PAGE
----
One thing that I do, I've run multiple group therapies, especially folks that have experienced trauma. And one of the things that we do quite often, it's sort of become a bit of a ritual because the folks that have participated in group have liked it so much, I've tend to carry it on to new groups. Is that at the end of group lecture let me back a little bit. So during group, of course, a lot of sensitive personal information is shared about folks lived experiences of trauma. And in that folks are very vulnerable and they share, whether consciously or unconsciously, we tend to share a lot of our deepest, darkest insecurities about ourselves because trauma can amplify those things that we feel badly about, that shame, and all of that can come out in group. And so group is very beneficial, I think, in two ways. And part of that is because you get to be someone else's support person. And I think a lot of times we empower ourselves when we attempt to empower other people. We feel good about that. There's some psychological and psychic healing that happens in that process. And one of the things that happens as group is that folks start to notice the vulnerabilities of the other people in the room, what they're most scared of, what they're most ashamed of, all of those things. So what we do at the end of group, it's usually our last session, because group usually runs like eight to ten sessions or so by the end of eight to ten weeks, folks tend to know each other pretty well. And what we do is we're not allowed to give physical gifts in therapy, this whole ethical situation. But what we do is we give each other imaginary gifts. It's a nice way for folks to remember what someone else saw in them and what they saw that they might need. And so one of the most common gifts is an imaginary magical mirror that you could see yourself the way that I see you sometimes. It's more specific people would name. I know that you struggle with this particular piece. It can be body image, it can be feeling confident that you're doing a good job at work, whatever those things are. It allows you for a brief moment to see how the other people in the room experience you. And that can be such a powerful and transformative moment of healing, because we sit with that negative self talk, we sit with these ideas about ourselves and we hold on to them like they're truths, even though they may not be. And having that counter viewpoint of someone else who we've let into our most vulnerable, insecure spaces. I think it's so validating to hear that someone else sees you differently. And you can do this outside of group therapy, right? This is something you can do in circles of folks that you're really connected with that's faith community, your family, things like that. You can actually have these conversations. I wish you saw this piece of yourself because this is how I see you. And it can be really powerful and help to challenge some of those deeply seated negative thoughts that we have about ourselves.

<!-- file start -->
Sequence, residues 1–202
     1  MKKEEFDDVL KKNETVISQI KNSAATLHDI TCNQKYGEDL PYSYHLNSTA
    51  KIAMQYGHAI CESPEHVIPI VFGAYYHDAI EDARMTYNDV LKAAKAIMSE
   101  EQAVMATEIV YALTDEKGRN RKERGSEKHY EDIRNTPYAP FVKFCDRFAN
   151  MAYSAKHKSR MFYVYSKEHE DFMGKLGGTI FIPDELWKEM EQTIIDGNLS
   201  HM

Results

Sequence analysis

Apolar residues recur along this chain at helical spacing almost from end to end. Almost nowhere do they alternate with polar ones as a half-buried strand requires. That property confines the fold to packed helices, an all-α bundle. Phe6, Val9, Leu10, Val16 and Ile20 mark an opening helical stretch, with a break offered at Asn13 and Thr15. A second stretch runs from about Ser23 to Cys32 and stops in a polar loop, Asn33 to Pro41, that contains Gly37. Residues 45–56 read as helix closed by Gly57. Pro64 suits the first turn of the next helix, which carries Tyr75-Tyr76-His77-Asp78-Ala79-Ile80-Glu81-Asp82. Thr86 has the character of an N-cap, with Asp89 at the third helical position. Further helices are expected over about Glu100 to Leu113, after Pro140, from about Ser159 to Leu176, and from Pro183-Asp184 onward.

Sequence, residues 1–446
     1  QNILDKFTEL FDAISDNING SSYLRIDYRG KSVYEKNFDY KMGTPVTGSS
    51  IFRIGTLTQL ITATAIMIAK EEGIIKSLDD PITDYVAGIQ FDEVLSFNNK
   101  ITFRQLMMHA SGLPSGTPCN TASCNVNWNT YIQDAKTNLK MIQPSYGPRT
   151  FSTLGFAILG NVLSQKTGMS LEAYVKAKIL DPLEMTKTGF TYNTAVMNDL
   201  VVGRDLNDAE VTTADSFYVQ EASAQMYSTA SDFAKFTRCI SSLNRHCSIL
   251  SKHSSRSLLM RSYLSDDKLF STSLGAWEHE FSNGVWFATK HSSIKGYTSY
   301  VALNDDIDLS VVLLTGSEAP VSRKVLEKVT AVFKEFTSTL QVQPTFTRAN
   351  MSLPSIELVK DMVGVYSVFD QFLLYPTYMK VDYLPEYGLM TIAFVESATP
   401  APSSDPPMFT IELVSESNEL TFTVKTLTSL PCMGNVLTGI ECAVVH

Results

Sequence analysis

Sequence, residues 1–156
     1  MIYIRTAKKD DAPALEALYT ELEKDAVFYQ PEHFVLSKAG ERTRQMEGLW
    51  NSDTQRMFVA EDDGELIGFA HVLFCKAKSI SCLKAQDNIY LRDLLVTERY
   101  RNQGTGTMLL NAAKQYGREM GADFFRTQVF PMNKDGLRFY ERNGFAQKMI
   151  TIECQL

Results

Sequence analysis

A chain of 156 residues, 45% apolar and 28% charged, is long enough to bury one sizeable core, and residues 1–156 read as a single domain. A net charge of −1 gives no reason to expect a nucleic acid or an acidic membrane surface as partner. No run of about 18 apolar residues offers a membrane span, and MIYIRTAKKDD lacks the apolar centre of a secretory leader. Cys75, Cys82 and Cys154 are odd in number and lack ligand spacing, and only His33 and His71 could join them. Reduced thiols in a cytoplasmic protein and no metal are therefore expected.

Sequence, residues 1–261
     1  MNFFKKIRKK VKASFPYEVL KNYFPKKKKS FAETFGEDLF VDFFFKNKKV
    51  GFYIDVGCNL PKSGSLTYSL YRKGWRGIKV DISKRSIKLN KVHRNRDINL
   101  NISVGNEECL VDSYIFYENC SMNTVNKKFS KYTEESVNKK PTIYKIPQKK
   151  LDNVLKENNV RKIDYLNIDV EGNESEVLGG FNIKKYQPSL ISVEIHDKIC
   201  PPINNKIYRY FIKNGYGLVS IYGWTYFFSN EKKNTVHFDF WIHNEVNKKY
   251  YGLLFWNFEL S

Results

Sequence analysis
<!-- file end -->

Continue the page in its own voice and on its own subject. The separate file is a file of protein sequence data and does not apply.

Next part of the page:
Sandy Kovach [00:14:54]:
That is very powerful. And it kind of reminds me that we should talk a little bit too, about not only ourselves experiencing self talk, but or negative self talk when we know maybe our kids or our friends or spouse or whoever it is. And that mirror thing is amazing. Are there any other tactics that we can use if we know somebody is doing this?
Blaine Lawson [00:15:18]:
Absolutely. So I think part of to encourage people to be vulnerable, sometimes it's useful to be vulnerable ourselves. And I've found that in therapy too, you don't want to come at it from like a hierarchy, like so I've noticed that you might be struggling with this. You want to level the playing field because it's hard to share and be vulnerable when you feel like someone else is in a place of judgment. So I think you start by saying being vulnerable yourself to whatever extent you feel comfortable, depending on the relationship. For example, let's say you're speaking with your child about something that you feel like you're struggling with. You can start by saying something like, you know, I know for me, when I was your age, I really struggled with this, or even now I still struggle with this. I think it's good to let your children know that you are not perfect as an adult either, and that they should not strive for that because it is unattainable and they will struggle with that, and then I'll see them in therapy anyway. Yes, exactly. See, it all comes full circle, but letting them know I sometimes really struggled with anxiety, and this is how it showed up for me. Like, oh, I had trouble sleeping, or I had difficulty concentrating or whatever. It showed up, like, for you and being vulnerable about those pieces and saying, sometimes when I interact with you, I notice whatever it is you're noticing. And I'm wondering if maybe you're struggling with anxiety or you're struggling with these pieces too, and maybe we could talk and help each other. When you take that kind of an attitude, I think it allows people to be vulnerable without feeling judged. And I think that that's really important. It's an important space to create, to get people to really be authentic and honest. And I think you have to be prepared that some folks may not be ready to go there with you, and that's okay. And so you need to be comfortable with it. You might share, and they might not share back, and that that's okay. People have their reasons for that, and people have defenses around things that are really fragile for a reason, and you don't want to go in there trying to break them down. They may need those, and that's something. As a therapist, you have to struggle with this balance between helping folks to kind of bring their walls down in terms of defensiveness, but not so quickly that they feel like the rug has been ripped from underneath them, because that's not going to be good, healthy, adaptive behavior for them either. And so you may only get a little piece, and that's okay. You work with the piece that you're given. So they might say, yeah, I do sometimes feel really anxious. You can ask some more questions and see if they want to talk about it, and if they don't, that's okay too, and just letting them know, because I've dealt with this, or I'm still dealing with this. If you ever want to talk about it, feel free to reach out. That's enough to let people know that the door is open.
Lanee Blaise [00:17:46]:
You have just absolutely given us so much juicy, wonderful, free information... therapy.
Sandy Kovach [00:17:54]: